Yesterday, 3 May, marked one year since Cyclone Nargis swept across the impoverished nation of Burma. The category four cyclone left nearly 140,000 people dead and hundreds of thousands homeless and hungry.
I was in the former capital of Rangoon on the night of 2 May, when winds of up to 240 kilometres per hour rushed through from the Irrawaddy Delta, generating an 18-foot tidal surge that swallowed all in its path. With no prior warning published in the Government-controlled newspaper The New Light Of Myanmar, most Burmese had little if any idea that a cyclone was building in the Andaman Sea, let alone one that would hit shortly and change their lives forever.
"We didn’t get any prior information about the cyclone. Nobody told us it was coming and we have never experienced a big natural disaster like this before. It was the scariest thing imaginable, I am lucky to be here now", said one irate man to me the next morning. Trees, billboards and roofing choked the streets as traffic had the evening before. Electricity and water were out and remained so for the next fortnight. The city, empty at first bar an eerie silence, eventually filled with shell-shocked citizens, but the silence remained like a grey cloud over the day.
Yet while Rangoon — in its romantic, decrepit British colonial glory — was brought to its knees, few were prepared for the devastation that hit the impoverished Irrawaddy Delta region. When local and foreign journalists gradually ventured into the area the magnitude of the disaster was immediately clear — and as news of the devastation spread, the world came to Burma’s doorstep offering practical and financial assistance.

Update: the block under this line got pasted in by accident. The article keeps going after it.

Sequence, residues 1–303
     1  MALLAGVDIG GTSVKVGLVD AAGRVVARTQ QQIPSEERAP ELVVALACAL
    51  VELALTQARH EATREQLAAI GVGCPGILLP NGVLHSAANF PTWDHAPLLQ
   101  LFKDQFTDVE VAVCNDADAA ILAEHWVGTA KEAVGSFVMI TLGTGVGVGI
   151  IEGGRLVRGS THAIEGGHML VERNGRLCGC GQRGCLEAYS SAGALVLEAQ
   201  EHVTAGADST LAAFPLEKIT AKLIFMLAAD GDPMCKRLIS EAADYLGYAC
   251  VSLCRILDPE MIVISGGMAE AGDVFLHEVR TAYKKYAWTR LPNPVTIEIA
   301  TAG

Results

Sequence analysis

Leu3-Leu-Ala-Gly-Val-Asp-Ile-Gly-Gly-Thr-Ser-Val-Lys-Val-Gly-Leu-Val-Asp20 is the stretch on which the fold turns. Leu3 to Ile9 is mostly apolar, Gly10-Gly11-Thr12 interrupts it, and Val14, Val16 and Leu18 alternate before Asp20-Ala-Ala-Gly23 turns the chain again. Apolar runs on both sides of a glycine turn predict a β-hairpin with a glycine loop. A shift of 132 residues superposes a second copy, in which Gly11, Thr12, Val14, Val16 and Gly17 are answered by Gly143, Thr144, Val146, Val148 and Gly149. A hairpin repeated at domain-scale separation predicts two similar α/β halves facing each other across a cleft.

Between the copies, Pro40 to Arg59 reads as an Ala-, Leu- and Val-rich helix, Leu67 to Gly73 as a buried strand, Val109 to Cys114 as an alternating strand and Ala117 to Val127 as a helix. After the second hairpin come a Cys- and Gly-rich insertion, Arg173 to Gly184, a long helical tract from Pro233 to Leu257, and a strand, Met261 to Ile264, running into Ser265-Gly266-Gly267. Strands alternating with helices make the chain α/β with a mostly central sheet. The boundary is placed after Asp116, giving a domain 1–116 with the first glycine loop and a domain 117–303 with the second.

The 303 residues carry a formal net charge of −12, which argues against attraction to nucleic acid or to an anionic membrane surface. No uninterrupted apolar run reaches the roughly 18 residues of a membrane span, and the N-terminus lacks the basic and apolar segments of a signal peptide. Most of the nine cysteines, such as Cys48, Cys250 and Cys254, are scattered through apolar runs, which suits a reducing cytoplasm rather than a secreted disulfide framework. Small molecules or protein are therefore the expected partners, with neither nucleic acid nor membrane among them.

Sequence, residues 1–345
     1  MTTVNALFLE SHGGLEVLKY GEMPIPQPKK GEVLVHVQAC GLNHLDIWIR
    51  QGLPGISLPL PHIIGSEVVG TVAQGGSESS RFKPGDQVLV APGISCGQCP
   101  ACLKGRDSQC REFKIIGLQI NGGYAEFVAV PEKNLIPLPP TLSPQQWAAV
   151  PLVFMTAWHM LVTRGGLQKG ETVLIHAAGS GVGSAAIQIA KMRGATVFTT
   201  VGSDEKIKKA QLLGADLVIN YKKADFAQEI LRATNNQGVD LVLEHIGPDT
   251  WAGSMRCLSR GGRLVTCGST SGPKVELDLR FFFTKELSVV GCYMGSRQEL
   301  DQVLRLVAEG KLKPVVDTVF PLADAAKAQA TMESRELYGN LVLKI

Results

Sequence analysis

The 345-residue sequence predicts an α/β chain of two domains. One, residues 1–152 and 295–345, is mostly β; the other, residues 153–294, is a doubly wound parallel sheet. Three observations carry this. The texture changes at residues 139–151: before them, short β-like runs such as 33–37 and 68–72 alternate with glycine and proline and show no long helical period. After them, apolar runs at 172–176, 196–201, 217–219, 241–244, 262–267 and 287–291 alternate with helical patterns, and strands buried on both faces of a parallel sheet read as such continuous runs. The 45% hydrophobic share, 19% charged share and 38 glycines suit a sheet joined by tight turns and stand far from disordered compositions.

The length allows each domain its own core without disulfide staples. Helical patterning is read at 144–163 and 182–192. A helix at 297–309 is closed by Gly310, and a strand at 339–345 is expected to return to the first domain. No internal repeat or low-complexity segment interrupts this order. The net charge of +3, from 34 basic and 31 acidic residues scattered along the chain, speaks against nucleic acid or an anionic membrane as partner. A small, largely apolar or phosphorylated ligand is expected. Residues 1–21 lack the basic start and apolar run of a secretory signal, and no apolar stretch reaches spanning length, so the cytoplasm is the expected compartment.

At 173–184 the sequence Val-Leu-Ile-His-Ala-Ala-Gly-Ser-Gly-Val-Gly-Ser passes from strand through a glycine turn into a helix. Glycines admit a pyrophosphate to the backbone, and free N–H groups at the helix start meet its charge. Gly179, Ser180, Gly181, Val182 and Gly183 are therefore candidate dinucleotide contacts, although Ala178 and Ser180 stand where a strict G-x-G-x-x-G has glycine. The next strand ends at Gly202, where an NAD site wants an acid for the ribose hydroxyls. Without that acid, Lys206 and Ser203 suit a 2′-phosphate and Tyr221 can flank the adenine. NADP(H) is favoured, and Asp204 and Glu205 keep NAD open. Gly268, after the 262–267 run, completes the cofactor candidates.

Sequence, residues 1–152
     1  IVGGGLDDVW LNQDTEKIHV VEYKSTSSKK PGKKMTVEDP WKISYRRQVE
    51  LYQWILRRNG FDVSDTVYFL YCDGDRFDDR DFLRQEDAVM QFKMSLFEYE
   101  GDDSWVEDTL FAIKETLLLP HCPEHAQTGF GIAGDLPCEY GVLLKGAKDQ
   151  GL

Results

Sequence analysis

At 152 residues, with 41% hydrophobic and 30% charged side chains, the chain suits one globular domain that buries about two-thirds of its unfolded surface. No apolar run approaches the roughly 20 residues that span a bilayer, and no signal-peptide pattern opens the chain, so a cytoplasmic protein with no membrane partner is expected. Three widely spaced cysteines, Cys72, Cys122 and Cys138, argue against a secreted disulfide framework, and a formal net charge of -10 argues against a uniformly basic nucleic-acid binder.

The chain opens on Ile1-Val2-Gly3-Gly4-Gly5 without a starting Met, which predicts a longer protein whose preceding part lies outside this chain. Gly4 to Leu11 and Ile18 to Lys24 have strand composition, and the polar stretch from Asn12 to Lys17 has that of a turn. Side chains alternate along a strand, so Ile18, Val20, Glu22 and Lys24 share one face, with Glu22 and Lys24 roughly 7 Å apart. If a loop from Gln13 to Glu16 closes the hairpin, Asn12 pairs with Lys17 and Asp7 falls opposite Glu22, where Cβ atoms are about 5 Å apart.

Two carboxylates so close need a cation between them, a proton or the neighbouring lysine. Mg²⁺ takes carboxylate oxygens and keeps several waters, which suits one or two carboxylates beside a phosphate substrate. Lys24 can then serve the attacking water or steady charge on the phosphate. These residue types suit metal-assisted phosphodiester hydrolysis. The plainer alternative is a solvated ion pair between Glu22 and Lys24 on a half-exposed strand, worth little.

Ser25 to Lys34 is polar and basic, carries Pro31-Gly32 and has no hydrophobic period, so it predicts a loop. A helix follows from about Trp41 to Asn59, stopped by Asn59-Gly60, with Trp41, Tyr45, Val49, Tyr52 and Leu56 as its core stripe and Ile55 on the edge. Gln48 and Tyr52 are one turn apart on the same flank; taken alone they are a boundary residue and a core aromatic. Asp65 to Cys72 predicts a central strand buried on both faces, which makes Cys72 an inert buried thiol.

All recognised that the xenophobic Junta was way out of its depth. All were denied.
"The size of the disaster would be difficult for any country to manage, let alone one of the world’s poorest nations," said head of World Vision, Reverend Tim Costello, in Rangoon at the time. "But I understand their response to some degree."
"The same hand [the West]that has been slapping them around politically is now saying, ‘trust us, we’ve put politics aside and we only want to give you humanitarian aid, but you might still feel the pain of the last slap’… I understand their position but the penny needs to drop with the Government that international NGOs are not beholden to any ideology, to any government, to any sort of politics."